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Lesson 1 Exposition of Heb. 5:11 – 6:3 · Many important truths need to be taught, understood, and practiced for one to be a faithful disciple of Jesus Christ. The author is trying to establish the high priesthood of Jesus Christ…a thought he had previously introduced (cp. 2:17; 4:14-15), and one that had been prophesied from long ago (cp. Psa. 110:4). Establishing this link in the minds of his Jewish readers was necessary…they needed to be reminded not to return to the Aaronic physical priesthood of the Law of Moses, and to stay committed to the Messianic spiritual priesthood of the gospel of Christ. The priesthood of Christ was “after the order” or “according to the order” (in the likeness of) the priesthood of Melchizedek (5:10). Because he was an Old Testament character, Melchizedek's attributes as both king & priest (cp. Gen. 14) would have to be understood to make the connection to Christ...“Concerning him (Melchizedek) we have much to say…” (5:11a). The readers’ ability to fully grasp Melchizedek’s priesthood would greatly help them understand Christ’s priesthood. · Sadly, sometimes a teacher must reluctantly pause in an important discussion because his readers are not able to understand what is being taught. Such was the case with these Jewish Christians. Regarding his teaching on Melchizedek, the author states “…it is hard to explain since you have become dull of hearing” (5:11b). “Dullness of hearing” is the equivalent to being “sluggish” or spiritually lazy (cp. 6:12) [same word in the original Greek text]. Notice also this “condition” was something they had brought on themselves. They had “become” dull of hearing; they weren’t born that way, nor did they come in the Lord’s kingdom in such a condition. They had stopped listening. Therefore, they had also stopped learning…and stopped growing. It wasn’t because what was being taught was too hard. Often, this is the excuse many will give for not even trying in certain Bible classes. Their failure to want to learn was the reason why they could not comprehend what was being taught, not because the “curriculum” was too advanced beyond their ability to understand and learn. · What made this most disappointing and tragic is the author describes people who shouldn’t have even been in this dilemma in the first place. He was not addressing “new converts” or those who were still new to the faith. “For though by this time you ought to be teachers...” (5:12a). Obviously, enough time had elapsed that they should have been actively teaching others. Yet sadly, they themselves still needed “…for someone to teach again the elementary (first) principles of the oracles of God,…” (5:12b). There is nothing wrong with being a “babe in Christ” and “on the bottle of the sincere milk of the word” if one is new to the faith…at some point, all Christians have been “babes” at their new birth (5:12c; cp. 1 Pet. 2:1-3). But that is not the situation faced by the writer of Hebrews. The cause of their “dullness of hearing” and having to be on a “milk diet” is that they were “not accustomed to the word of righteousness,…” (5:13). They had failed to behave as an “adult meat eater” in their spiritual growth. The writer describes mature disciples as those “…who because of practice have their senses trained to discern good and evil” (5:14).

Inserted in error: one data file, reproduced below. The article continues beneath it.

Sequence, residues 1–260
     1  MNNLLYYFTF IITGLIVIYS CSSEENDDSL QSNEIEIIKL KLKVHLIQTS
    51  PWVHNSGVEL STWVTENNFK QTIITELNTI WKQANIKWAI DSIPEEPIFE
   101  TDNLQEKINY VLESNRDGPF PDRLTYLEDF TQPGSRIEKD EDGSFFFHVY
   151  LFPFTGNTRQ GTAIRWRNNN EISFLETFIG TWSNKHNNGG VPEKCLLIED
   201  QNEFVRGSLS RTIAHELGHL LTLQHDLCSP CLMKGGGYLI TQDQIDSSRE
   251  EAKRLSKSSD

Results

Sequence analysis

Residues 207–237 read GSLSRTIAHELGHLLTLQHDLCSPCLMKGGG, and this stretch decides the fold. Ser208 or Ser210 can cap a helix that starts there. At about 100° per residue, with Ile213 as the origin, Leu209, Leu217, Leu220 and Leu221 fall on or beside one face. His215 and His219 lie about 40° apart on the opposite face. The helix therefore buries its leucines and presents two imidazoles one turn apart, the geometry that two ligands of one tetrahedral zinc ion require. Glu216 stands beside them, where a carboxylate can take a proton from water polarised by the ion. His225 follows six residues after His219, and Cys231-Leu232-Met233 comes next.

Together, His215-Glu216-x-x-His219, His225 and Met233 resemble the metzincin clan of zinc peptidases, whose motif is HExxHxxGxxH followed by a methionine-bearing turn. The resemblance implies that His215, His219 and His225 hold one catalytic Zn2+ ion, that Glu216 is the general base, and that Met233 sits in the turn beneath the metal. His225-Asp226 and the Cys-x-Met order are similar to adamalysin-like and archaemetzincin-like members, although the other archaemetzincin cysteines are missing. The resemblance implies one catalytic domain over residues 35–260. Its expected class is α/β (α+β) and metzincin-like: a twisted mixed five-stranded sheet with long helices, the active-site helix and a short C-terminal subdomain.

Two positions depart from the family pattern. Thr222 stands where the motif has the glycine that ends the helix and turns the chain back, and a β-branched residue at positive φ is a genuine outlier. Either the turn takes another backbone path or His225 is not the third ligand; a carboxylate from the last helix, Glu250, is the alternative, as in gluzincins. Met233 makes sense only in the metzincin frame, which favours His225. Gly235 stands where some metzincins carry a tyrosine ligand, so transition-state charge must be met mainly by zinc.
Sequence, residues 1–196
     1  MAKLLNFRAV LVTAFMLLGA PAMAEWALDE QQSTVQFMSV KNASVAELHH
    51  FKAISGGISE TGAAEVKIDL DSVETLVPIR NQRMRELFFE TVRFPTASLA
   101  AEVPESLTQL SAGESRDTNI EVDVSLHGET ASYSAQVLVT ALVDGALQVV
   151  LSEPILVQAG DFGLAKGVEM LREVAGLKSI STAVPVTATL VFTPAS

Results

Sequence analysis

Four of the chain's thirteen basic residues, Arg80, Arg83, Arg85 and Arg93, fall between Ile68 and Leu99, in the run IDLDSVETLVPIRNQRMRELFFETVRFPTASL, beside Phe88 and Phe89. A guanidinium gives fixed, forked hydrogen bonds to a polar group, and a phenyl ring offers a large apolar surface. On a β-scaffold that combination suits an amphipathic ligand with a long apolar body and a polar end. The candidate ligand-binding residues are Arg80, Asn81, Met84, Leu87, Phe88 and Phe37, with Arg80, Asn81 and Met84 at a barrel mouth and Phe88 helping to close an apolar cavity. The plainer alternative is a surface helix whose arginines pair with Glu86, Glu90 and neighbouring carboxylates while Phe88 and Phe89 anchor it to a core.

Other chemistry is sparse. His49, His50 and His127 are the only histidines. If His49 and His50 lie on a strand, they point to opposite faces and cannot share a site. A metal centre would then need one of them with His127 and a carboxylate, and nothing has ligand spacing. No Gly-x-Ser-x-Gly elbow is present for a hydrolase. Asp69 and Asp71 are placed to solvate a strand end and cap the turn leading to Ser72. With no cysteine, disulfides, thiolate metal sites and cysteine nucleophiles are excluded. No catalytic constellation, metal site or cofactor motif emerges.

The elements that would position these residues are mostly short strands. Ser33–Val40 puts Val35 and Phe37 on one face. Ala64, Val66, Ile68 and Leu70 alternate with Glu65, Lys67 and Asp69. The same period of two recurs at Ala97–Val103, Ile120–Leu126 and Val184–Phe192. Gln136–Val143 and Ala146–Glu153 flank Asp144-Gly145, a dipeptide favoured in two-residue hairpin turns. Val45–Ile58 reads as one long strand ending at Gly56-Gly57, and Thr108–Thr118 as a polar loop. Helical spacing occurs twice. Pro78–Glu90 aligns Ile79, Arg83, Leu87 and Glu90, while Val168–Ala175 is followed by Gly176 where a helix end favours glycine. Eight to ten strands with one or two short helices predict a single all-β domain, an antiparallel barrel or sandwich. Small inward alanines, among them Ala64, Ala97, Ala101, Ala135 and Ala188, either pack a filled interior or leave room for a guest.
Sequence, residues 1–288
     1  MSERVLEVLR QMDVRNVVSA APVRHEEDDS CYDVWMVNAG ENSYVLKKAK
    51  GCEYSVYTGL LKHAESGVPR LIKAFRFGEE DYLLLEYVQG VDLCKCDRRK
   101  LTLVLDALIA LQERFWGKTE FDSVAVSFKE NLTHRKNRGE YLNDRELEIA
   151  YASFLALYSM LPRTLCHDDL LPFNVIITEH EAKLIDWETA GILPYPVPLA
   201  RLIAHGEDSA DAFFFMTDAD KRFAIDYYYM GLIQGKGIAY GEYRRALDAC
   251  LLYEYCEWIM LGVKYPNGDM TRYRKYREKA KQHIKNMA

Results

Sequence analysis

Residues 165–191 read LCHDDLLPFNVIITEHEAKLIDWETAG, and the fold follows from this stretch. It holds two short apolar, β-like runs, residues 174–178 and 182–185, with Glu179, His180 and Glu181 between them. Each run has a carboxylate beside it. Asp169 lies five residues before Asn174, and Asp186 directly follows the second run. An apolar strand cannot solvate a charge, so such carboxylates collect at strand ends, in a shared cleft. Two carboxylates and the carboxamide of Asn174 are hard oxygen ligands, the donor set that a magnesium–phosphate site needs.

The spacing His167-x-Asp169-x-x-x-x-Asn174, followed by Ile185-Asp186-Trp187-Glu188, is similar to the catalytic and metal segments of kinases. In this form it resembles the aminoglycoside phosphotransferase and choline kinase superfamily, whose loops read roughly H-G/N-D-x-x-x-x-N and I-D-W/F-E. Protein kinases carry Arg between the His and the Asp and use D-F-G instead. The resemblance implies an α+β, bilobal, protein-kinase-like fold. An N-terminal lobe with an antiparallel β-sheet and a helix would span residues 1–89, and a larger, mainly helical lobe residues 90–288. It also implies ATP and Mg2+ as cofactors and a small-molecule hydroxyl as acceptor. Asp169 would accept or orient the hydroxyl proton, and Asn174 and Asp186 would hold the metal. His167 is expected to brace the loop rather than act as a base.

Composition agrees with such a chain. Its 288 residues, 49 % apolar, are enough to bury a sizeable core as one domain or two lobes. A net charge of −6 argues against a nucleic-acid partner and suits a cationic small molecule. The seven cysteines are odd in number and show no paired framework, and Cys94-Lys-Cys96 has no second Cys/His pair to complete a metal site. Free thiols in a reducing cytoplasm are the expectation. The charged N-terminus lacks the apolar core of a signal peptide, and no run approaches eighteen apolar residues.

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Lesson 1 If we stop and carefully consider the Hebrews writer's rebuke of these Jewish Christians, we also are made to realize something else...a point that is very appropriate for our present generation. We must not fall into the trap into thinking that length of time as a Christian or “heritage” enjoyed in a family with generations of Christians will cause us to grow from a “spiritual baby” into a “spiritually mature disciple.” Judging from the lack of growth and involvement in the work and attendance in a local church, some present-day Christians seem to have this mentality. Maturity in Christ (the ability to “eat the strong meat”) will only be accomplished “by reason of use” of a disciple’s senses, training them to know good from evil. That is the only way spiritual maturity will come to a saint (cp. 1 Thess. 5:21-22; Rom. 12:1-2; 1 Pet. 2:11; 4:1-4). · “Elementary teaching” (i.e. “Biblical ABC’s”) must eventually be left behind, and students of the Scripture must “press on to maturity, not laying again the foundation of…” those basic principles (6:1-2). Each disciple must grow from childhood to adulthood (cp. Eph 4:11-15). God has made all necessary provisions for this growth to take place. This is what made the situation faced by the readers of the Hebrews epistle all the more sad & tragic. One must eventually be finished with laying a foundation, and finally get around to building the house. All this can be done “…if God permits” (6:3). He does…and we can!! The answer to such a spiritual dilemma of “dullness of hearing” or “spiritual laziness” is dedicated training of the senses to properly discern good and evil. The lessons planned in these Biblical studies will be aimed at reviewing some of the most fundamental and basic concepts of New Testament Christianity. We’re not specifically discussing those “first principles” of how one becomes a Christian (those “steps of salvation”). In fact, we'll not spend much time on those important truths at tall. We’re going to review the “ABC’s of the gospel.” We’re going to address bedrock principles that are necessary to grasp what the Scripture teaches overall...points of reference New Testament disciples of Christ need to know so that they can “rightly divide (handle accurately) the word of truth” (2 Tim. 2:15). Yes, sometimes the Scripture contains “hard” teaching (cp. 2 Pet. 3:16). Peter classified some of Paul’s teachings as “hard.” That doesn’t mean they were “impossible.” Surely we are able to tell the difference. Whether it will be hard or easy for each of us to successfully understand these basic principles, it is a “journey” we must be willing to take so that we “...may grow up in all things into Him who is the Head – Christ...” (Eph. 4:15). Perhaps these Biblical lessons will be nothing more for you than a review. Review is good, even for seasoned saints (cp. 2 Pet. 1:12-15; 3:1-2). - Experienced Christians should have already mastered these concepts because enough time has elapsed that their senses need to be properly trained to discern good from evil. - New converts or inexperienced disciples may not be as familiar with these truths. They may even struggle with them somewhat. That is okay…as long as they put forth the effort. With such effort they will be able to lay a lasting foundation and then press on to other topics. Review Questions On Heb. 5:11 – 6:3 1. In the context of Heb. 5, what must the author begin to do at v. 11? Why was this necessary?